*** Using our preferred technique of spreading the nachos across a wide sheet pan helps mitigate this.

The cheese chain.

Because microwaves have the ability to penetrate over an inch into the food, if you place a piece of cheese (or a pile of grated cheese) on a nacho in the microwave, it heats not just from the exterior, but from the inside as well, resulting in rapid, even melting. The only downside of using the microwave for melting cheese is that there's a very short window of time between melted-and-gooey and broken-and-greasy. Just a few extra seconds is enough to do it, so make sure to peer through the glass on the microwave door and pull the nachos out as soon as the cheese has melted.

Simply put, cheese melts more evenly and rapidly in a microwave than it does in the oven.

Problem 2: "Microwaves Ruin Chip Texture"

Some folks say that chips turn stale or soft when microwaved for nachos. I haven't ever found this to be the case, and, in fact, if you're using even slightly watery ingredients (say, loose refried beans or chili), the nachos that you bake in the oven actually get soggier, as they spend more time in contact with the moisture.

How would a myth like this get started? I'm honestly not sure. It's true that bread will turn stale or overly soft when microwaved. That's because the starch in wheat flour forms a crystalline structure that can be retrograded with heat. Put bread in a conventional oven and, once again, you're heating from the outside in: The crust will become tender-crisp first, followed by the interior. In a microwave, on the other hand, areas of higher moisture concentration will heat faster. That means that the center of a slice of bread will become overly soft before the crust has a chance to soften. The particular type of simultaneously tough and soggy texture in microwaved bread is a result of this.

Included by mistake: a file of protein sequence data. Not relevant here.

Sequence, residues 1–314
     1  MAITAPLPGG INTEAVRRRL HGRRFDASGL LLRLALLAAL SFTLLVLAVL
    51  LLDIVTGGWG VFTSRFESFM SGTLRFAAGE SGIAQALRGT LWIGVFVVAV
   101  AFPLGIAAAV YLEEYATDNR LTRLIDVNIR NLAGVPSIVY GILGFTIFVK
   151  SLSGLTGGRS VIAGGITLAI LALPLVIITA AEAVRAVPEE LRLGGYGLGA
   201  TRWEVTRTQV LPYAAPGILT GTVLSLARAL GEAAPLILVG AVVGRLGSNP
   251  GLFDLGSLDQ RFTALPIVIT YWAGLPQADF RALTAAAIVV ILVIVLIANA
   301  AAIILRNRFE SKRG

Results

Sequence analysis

Tortilla chips have two factors going for them in the microwave: Corn doughs are far less susceptible to retrogradation, and tortilla chips have been fried, which removes most of their free moisture. You can microwave tortilla chips until they burn to a crisp, and they will never soften or turn soggy.

This brings us to our third problem...

Problem 3: "Microwaves Don't Produce Toasted Flavor"

Here's a fact: If you put a plate of tortilla chips topped with cheese in the microwave and zap them until the cheese melts, the cheese will melt way before the tortilla chips have the chance to take on any color or toasted flavor. With nachos baked in the oven, the chips toast while the cheese melts. (Again, this is because microwaves selectively heat moist foods faster than dry foods.)

Chips toasted in the microwave.

But there's a super-simple solution: Microwave the chips on their own first, then top them and microwave them a second time to melt the cheese. Microwaving bare chips for a brief period of time produces enough heat to actually toast them and improve their flavor.

Granted, the toasting pattern you get in the microwave (the thinnest sections tend to darken first) is not identical to the one you get from the oven (the edges darken first), but once they're in your mouth, it's difficult to taste a difference.

So Is It Worth It?

Is it worth it to microwave your nachos? Questions like this are never answered by a simple yes or no. It all depends on the frame of mind you're in. Think of it as a circuit in Mario Kart: When you've got a lot of tight turns and potential pitfalls ahead, you might want to let Yoshi do the driving, with his quick recovery from accidents and great handling. Lots of straightaways and gentle curves? Bowser's high top speed and bulk might come in handy.

Here's a spider chart to help you make the right decision:

20160208-microwave-nacho-spider-chart-2.png

As you can see, the oven edges out the microwave in flavor and texture, while the microwave takes a slight lead on the goo factor. The categories in which we see the largest differences are speed (a microwave is vastly faster than a conventional oven) and batch size (the microwave can only handle one plate of chips at a time, while the oven can handle a couple of trays).

Long story short: If you're feeding only yourself and perhaps a partner, and neither one of you is into the concept of waiting, the microwave will produce nachos that are just about as good as those baked in the oven.